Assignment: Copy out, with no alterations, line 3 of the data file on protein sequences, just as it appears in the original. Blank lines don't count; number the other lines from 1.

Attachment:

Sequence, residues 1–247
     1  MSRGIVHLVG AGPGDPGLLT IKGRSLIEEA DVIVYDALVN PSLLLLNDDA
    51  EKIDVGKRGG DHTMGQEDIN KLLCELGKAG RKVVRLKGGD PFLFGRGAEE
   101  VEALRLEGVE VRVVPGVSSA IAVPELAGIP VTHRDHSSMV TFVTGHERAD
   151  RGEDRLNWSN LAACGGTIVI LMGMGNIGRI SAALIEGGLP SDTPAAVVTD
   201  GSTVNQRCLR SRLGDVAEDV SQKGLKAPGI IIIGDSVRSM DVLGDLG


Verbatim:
    51  EKIDVGKRGG DHTMGQEDIN KLLCELGKAG RKVVRLKGGD PFLFGRGAEE